As an example, let's apply edge attributes to the SBDD in FigureC. Recognizing that the two c nodes are complements of each other, we choose to eliminate the c node on the right and redirect its incoming edges to the other c node. Add the inversion attribute to each of the redirected edges (see FigureB). Redistribute the dots to avoid complementation on the 1-edge to preserve canonicity. The resulting BDD is shown in FigureC.

20. SBDD with edge attributes. (A) SBDD without edge attributes (B) Add edge attributes (C) Canonical form with edge attributes

Zero-Suppressed BDDs (ZBDDs)

The two reduction rules for BDD are removing nodes with two edges that point to the same node and merging nodes that represent the same functionality. In ZBDDs, the first reduction rule is replaced by removing nodes with a 1-node that is the constant node 0. As illustrated in Figure, the two transformations for the ZBDD are the following:

  1. Remove the node with a 1-edge that points to constant node 0 and redirect all incoming edges to its 0-node.

  2. Merge nodes that represent the same functionality.

21. ZBDD reduction rules

It can be shown that ZBDDs are canonical. However, ZBDD nodes may exist with both edges that point to the same node. Consequently, a ZBDD has the following interpretation. A path from the root to the constant node 1 represents a cube. If a variable is missing in the path, the variable node's 1-node is constant 0 and therefore the variable is a negative literal in the cube.

Conceptually, a ZBDD can be obtained from a completely unreduced decision diagram by applying the two previous reduction rules. A completely unreduced decision diagram is a graphical representation of the truth table of a function, and hence has exactly 2n paths and 2n leaf nodes, where n is the number of variables, and it can be constructed by applying successive cofactor operations for all variables in the function. Each path represents a minterm, and the value of the leaf node is the value of the function at the minterm. In practice, ZBDDs are not constructed directly from unreduced decision diagrams, but from a procedure that applies the two reduction rules throughout the whole construction process. For more details, please refer to the bibliography.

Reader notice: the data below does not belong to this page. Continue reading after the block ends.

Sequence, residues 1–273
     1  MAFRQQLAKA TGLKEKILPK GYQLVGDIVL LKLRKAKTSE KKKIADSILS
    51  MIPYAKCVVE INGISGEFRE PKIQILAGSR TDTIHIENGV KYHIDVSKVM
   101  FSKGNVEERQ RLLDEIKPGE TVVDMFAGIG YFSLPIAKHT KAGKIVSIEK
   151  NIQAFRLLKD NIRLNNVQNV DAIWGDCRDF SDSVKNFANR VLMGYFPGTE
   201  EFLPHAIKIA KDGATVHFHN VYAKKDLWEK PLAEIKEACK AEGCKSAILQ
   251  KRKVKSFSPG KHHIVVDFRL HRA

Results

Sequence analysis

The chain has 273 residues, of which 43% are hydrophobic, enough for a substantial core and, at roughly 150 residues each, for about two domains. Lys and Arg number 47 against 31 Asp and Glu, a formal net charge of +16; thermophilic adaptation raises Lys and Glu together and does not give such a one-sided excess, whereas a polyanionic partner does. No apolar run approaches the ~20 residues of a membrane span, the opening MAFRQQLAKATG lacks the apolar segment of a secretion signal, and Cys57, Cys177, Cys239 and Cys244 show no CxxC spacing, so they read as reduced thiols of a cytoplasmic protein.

FigureA shows a completely unreduced decision diagram. From this decision diagram, we can apply the ZBDD reduction rules. First, remove all the c nodes with a 1-edge that points to constant node 0, and redirect their incoming edges to their respective 0-nodes, as in FigureB. Now the left b node has its 1-node as constant 0 and is thus removed, as shown in FigureC. At this point, node a becomes eligible for removal. Getting rid of node a and sharing the constant node 1, we have a reduced ZBDD in FigureC. An ROBDD for the same function is shown in FigureA. Note that the reduced BDD has more nodes and edges. Also note that variable a does not even appear in the ZBDD. Let us try to read the function off the ZBDD. There are two paths to constant node 1. The first path consists of b and c. Because variable a is missing in the path, it is a negative literal in the cube. The cube indicated by the first path is bc. The second path has only variable b; therefore, the two missing variables show up in the cube as negative literals. This cube is . The function is the sum of the two cubes: . The same function can be derived from the BDD.